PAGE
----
In Sabina's case especially, both parents need to work together to be one good, solid team. We need teamwork to be able to adjust and manage her many needs. I cannot do everything on my own; and in our situation, I can always count on Sabina's dad to be able to be a great partner and teammate. In Sabina's first year and a half, it was his job to give her daily bath. And he did not do it grudgingly. That was his one way of bonding with Sabina. Many times, he would give her late night bottle of milk with her meds; and to this day, when I am too exhausted to get up when Sabina needs the extra comfort she needs from seizures or an illness, he will carry and rock Sabina to sleep in the wee hours of the morning without complaint.

Sabina's dad will never refuse to change her diaper with poop, suck the mucus from her nose, or stay up with me if I asked. He helps me keep track of medicines, and vaccinations, and takes the initiative to remember what routine tests Sabina needs to do next. He is one SUPER dad! I sure hope that Sabina and our eldest daughter know how blessed they are to have him. :)

Belated happy father's day to the best dad the two girls could ever have!!




Friday, July 1, 2011

Something More.......

Sharing what a fellow mito mom recently shared in our mito group.... 
This is dedicated to all the special moms out there who do wonders for their special children.                God bless you all more and more...... 

SOME MOTHERS GET BABIES WITH SOMETHING MORE… My friend is expecting her first child. People keep asking what she wants. She smiles demurely, shakes her head and gives the answer mothers have given throughout the ages of time. She says it doesn’t matter whether it’s a boy or a girl. She just wants it to have ten fingers and ten toes. Of course, that’s what she says. That’s what mothers have always said. Mothers lie. Truth be told, every mother wants a whole lot more.

Every mother wants a perfectly healthy baby with a round head, rosebud lips, button nose, beautiful eyes and satin skin. Every mother wants a baby so gorgeous that people will pity the Gerber baby for being flat-out ugly. Every mother wants a baby that will roll over, sit up and take those first steps right on schedule. Every mother wants a baby that can see, hear, run, jump and fire neurons by the billions. She wants a kid that can smack the ball out of the park and do toe points that are the envy of the entire ballet class. Call it greed if you want, but we mothers want what we want.

Some mothers get babies with something more. Some mothers get babies with conditions they can’t pronounce, a spine that didn’t fuse, a missing chromosome or a palette that didn’t close. Most of those mothers can remember the time, the place, the shoes they were wearing and the color of the walls in the small, suffocating room where the doctor uttered the words that took their breath away. It felt like recess in the fourth grade when you didn’t see the kick ball coming and it knocked the wind clean out of you. Some mothers leave the hospital with a healthy bundle, then, months, even years later, take him in for a routine visit, or schedule her for a well check, and crash head first into a brick wall as they bear the brunt of devastating news. It can’t be possible! That doesn’t run in our family. Can this really be happening in our lifetime?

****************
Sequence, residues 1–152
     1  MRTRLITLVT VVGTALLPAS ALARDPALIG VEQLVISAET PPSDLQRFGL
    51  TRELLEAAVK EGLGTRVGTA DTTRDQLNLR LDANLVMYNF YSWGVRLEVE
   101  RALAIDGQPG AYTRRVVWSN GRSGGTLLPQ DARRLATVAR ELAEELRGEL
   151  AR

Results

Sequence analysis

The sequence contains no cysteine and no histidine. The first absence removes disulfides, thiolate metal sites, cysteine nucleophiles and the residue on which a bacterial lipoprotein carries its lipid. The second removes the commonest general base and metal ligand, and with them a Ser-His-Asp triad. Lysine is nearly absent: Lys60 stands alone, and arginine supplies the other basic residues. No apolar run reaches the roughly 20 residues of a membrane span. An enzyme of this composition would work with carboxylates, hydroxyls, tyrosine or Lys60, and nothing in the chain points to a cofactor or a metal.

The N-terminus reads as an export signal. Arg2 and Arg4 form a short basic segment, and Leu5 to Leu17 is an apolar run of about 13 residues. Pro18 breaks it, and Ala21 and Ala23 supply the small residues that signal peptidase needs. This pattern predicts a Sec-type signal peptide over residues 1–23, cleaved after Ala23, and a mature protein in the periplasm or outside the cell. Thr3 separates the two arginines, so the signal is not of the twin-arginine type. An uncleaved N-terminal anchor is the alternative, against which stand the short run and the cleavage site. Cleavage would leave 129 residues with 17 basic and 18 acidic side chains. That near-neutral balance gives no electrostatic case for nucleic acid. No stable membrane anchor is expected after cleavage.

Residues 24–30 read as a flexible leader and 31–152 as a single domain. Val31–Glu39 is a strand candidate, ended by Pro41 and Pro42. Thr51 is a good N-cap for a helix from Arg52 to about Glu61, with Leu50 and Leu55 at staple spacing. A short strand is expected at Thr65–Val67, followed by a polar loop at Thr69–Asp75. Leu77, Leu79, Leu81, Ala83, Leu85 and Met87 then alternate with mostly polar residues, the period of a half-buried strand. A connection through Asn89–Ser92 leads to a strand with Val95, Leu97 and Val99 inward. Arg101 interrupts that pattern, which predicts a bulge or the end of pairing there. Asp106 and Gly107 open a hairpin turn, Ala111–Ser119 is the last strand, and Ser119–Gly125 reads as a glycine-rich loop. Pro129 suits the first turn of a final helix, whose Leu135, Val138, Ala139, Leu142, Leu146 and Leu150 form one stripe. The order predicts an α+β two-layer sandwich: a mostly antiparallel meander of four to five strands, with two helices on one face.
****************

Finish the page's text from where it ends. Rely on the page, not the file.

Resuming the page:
I am a woman who watches the Olympics for the sheer thrill of seeing finely sculpted bodies. It’s not a lust thing; it’s a wondrous thing. The athletes appear as specimens without flaw – rippling muscles with nary an ounce of flab or fat, virtual powerhouses of strength with lungs and limbs working in perfect harmony. Then the athlete walks over to a tote bag, rustles through the contents and pulls out an inhaler. As I’ve told my own kids, be it on the way to physical therapy after a third knee surgery, or on a trip home from an echo cardiogram, there’s no such thing as a perfect body. Everybody will bear something at some time or another. Maybe the affliction will be apparent to curious eyes, or maybe it will be unseen, quietly treated with trips to the doctor, medication or surgery.

The health problems our children have experienced have been minimal and manageable, so I watch with keen interest and great admiration the mothers of children with serious disabilities, and wonder how they do it. Frankly, sometimes you mothers scare me. How you lift that child in and out of a wheelchair 20 times a day. How you monitor tests, track medications, regulate diet and serve as the gatekeeper to a hundred specialists yammering in your ear. I wonder how you endure the praise and the platitudes, well-intentioned souls explaining how God is at work when you’ve occasionally questioned if God is on strike.

I even wonder how you endure schmaltzy pieces like this one saluting you, painting you as hero and saint, when you know you’re ordinary. You snap, you bark, you bite. You didn’t volunteer for this. You didn’t jump up and down in the motherhood line yelling, “Choose me, God! Choose me! I’ve got what it takes.”

You’re a woman who doesn’t have time to step back and put things in perspective, so, please, let me do it for you. From where I sit, you’re way ahead of the pack. You’ve developed the strength of a draft horse while holding onto the delicacy of a daffodil. You have a heart that melts like chocolate in a glove box in July, carefully counter-balanced against the stubbornness of an Ozark mule. You can be warm and tender one minute, and when circumstances require intense and aggressive the next. You are the mother, advocate and protector of a child with a disability. You’re a neighbor, a friend, a stranger I pass at the mall. You’re the woman I sit next to at church, my cousin and my sister-in-law. You’re a woman who wanted ten fingers and ten toes, and got something more. You’re a wonder. AUTHOR UNKNOWN